So after what you said, the goals for the project would be this:
    1.) Create a system that can charge the battery wherever the bike goes without having to take the battery inside and plug it into the wall.
    2.) Engineer the system in such a way that it can produce power at the same rate or just barely higher than it costs to have the system mounted on the bike while it is moving. (Either make it so it isn't a burden or can still produce slightly more than what it costs to have it on the bike while its moving.)

    This was written in a hurry, so I'm sorry if I missed some other minute details in my thought process.
    If you checked on the Marissa Muller's equipment you can see she added a wind screen in front of the bike the helps to reduce the drag from the panel on the trailer behind her. It looked like a nice system but I am sure she had to perform a lot of her own peddling over the entire 3200 mile trip.

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  • HarperHurst
    replied
    Sunking's post has me thinking a bit more..

    (By the way, I'm currently a junior in Civil Engineering. I had previously thought about air resistance but I figured it would be negligible; many of the calculations I did in a highway design class concerning horsepower required for a vehicle neglected air resistance because it was minuscule compared to all the other forces acting against the motion of a vehicle.)

    Say I added a panel behind me on the cargo rack. Say the panel is 22 inches wide, and my body is 16 inches wide. If I created a housing for the panel and controller (Panel being the top) in a shape similar to that of a boat to hopefully maximize C_drag, surely the effects wouldn't be as drastic as you claim? The panel itself would weigh about 10 lb, and the controller perhaps another pound. If the housing were constructed out of something lightweight, perhaps the weight everything adds could be minimized as well? The whole housing would be perhaps 10 inches tall... but I would think that a good amount of the surface area could be neglected seeing as it would be behind a body whilst riding. If the panel+controller was able to deliver about an amp of current, surely this could counteract any air resistance/weight losses. This would all be reliant on a lightweight and a hopefully more aerodynamic system. If the weather outside isn't good enough to supply more power than what the system could put in, I could also rig a way to just easily remove the system and ride it in its stock configuration.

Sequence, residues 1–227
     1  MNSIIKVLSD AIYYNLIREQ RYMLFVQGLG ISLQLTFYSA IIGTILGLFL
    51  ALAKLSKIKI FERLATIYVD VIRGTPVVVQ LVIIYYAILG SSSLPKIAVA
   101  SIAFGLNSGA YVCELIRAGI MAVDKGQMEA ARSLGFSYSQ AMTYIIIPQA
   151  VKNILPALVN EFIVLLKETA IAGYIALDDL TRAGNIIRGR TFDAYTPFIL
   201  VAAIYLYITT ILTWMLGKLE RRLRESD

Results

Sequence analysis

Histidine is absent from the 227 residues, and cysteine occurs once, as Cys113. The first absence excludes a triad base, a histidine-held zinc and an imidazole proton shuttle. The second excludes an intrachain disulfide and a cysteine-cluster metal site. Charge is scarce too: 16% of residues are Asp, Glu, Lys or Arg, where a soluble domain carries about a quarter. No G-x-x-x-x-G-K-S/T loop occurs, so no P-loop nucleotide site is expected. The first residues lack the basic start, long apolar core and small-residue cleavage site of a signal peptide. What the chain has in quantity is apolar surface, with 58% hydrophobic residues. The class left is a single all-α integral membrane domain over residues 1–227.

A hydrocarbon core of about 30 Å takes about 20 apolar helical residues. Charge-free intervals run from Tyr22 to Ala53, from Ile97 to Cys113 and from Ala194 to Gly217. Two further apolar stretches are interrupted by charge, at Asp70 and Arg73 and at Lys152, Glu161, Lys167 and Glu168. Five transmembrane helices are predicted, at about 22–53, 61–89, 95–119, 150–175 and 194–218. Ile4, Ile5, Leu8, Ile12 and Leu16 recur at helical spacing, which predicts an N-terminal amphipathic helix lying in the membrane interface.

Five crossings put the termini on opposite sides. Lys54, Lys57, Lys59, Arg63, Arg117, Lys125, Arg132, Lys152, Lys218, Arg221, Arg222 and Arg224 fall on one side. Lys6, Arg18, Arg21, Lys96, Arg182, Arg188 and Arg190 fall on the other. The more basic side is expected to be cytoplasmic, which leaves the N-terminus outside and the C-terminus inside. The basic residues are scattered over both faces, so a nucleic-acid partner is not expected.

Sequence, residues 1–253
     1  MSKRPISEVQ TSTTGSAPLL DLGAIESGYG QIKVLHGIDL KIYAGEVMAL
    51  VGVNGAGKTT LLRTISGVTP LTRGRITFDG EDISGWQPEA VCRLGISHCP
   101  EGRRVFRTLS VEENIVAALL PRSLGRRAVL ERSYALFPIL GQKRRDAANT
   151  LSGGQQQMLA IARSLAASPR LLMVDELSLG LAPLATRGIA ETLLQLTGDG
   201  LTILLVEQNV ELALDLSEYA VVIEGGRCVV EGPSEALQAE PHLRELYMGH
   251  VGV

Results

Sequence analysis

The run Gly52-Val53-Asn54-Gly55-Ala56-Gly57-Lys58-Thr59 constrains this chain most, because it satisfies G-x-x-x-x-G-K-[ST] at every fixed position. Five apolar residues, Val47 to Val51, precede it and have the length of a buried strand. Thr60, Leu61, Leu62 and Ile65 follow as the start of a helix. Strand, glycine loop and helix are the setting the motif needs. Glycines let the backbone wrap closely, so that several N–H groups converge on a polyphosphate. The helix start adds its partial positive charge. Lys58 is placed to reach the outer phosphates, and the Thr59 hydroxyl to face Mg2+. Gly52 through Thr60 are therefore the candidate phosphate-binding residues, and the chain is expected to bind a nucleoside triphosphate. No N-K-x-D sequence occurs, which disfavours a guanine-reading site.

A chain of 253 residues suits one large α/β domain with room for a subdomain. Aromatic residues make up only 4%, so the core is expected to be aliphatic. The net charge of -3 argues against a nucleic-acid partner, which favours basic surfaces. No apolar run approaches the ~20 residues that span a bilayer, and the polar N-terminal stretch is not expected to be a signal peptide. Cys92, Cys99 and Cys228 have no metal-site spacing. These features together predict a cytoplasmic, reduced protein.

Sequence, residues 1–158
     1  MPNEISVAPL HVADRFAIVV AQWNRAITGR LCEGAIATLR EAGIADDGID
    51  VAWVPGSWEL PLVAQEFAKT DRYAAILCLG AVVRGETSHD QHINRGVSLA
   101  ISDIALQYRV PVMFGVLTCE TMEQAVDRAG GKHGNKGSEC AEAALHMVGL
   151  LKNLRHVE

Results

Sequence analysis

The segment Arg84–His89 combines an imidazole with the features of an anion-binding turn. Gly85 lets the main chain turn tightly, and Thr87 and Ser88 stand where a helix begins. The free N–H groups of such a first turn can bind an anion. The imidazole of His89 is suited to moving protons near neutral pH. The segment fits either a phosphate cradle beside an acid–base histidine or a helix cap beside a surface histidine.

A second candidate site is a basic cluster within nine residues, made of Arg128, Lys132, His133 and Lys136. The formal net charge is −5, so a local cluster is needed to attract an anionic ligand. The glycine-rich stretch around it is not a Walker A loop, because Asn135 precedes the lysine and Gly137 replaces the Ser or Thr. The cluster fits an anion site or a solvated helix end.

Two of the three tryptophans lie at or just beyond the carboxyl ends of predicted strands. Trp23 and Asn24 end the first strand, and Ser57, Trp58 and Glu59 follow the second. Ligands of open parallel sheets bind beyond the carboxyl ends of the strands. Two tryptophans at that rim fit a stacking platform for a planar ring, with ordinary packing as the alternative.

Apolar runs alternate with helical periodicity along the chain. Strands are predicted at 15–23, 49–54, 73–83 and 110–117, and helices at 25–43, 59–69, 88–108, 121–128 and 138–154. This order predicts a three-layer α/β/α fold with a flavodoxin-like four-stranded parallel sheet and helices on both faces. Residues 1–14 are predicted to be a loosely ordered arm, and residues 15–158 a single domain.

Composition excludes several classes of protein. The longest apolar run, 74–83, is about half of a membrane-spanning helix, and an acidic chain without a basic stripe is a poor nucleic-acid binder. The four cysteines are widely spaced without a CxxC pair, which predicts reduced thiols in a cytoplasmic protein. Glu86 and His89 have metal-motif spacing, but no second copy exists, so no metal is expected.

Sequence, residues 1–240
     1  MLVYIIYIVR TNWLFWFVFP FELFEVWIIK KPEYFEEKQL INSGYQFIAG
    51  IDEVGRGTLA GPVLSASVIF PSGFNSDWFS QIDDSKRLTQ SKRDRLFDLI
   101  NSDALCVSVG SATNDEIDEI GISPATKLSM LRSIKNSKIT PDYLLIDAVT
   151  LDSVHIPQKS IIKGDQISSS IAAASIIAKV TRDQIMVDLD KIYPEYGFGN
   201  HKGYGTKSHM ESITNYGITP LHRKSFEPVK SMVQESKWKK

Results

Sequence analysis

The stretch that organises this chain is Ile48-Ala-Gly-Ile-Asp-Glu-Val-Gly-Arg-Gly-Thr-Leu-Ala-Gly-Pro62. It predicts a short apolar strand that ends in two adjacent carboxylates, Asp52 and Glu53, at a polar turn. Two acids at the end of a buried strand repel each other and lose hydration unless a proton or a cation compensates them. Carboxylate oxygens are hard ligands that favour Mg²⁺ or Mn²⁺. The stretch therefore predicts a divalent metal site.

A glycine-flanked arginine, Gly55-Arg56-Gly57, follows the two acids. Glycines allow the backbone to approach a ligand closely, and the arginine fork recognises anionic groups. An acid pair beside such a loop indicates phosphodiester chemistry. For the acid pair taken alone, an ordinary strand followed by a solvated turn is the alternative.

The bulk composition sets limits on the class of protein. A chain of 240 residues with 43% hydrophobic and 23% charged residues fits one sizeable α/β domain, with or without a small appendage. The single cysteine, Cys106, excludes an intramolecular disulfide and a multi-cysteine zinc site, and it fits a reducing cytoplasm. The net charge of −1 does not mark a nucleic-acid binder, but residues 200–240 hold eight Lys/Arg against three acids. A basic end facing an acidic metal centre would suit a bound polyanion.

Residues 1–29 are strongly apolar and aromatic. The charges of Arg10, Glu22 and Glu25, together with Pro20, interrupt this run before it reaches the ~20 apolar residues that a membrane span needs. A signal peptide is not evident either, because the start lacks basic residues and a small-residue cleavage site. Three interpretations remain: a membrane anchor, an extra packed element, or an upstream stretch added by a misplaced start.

The whole point of the project would be to engineer the bike so that it can charge at a decent enough pace while its parked at wherever its ridden to (Say at work) to hopefully top off the batteries before setting off again. (In order for it to be topped off, the initial distance traveled would have to be short. 1-5 miles at most)

    So after what you said, the goals for the project would be this:
    1.) Create a system that can charge the battery wherever the bike goes without having to take the battery inside and plug it into the wall.